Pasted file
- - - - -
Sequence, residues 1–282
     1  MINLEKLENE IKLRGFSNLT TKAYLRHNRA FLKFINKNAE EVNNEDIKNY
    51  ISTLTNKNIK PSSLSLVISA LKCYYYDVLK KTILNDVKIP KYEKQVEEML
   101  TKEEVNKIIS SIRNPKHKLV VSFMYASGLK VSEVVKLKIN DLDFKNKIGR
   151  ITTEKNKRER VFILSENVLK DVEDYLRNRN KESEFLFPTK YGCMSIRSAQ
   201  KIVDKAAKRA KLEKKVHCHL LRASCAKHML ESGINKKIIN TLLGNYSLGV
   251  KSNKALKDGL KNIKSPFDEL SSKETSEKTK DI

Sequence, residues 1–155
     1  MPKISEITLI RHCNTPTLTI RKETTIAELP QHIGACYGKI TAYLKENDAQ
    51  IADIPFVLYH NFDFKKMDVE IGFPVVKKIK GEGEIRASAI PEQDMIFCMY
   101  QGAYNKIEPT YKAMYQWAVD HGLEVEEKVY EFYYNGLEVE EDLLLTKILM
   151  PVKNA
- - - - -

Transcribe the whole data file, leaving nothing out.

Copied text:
Sequence, residues 1–282
     1  MINLEKLENE IKLRGFSNLT TKAYLRHNRA FLKFINKNAE EVNNEDIKNY
    51  ISTLTNKNIK PSSLSLVISA LKCYYYDVLK KTILNDVKIP KYEKQVEEML
   101  TKEEVNKIIS SIRNPKHKLV VSFMYASGLK VSEVVKLKIN DLDFKNKIGR
   151  ITTEKNKRER VFILSENVLK DVEDYLRNRN KESEFLFPTK YGCMSIRSAQ
   201  KIVDKAAKRA KLEKKVHCHL LRASCAKHML ESGINKKIIN TLLGNYSLGV
   251  KSNKALKDGL KNIKSPFDEL SSKETSEKTK DI

Sequence, residues 1–155
     1  MPKISEITLI RHCNTPTLTI RKETTIAELP QHIGACYGKI TAYLKENDAQ
    51  IADIPFVLYH NFDFKKMDVE IGFPVVKKIK GEGEIRASAI PEQDMIFCMY
   101  QGAYNKIEPT YKAMYQWAVD HGLEVEEKVY EFYYNGLEVE EDLLLTKILM
   151  PVKNA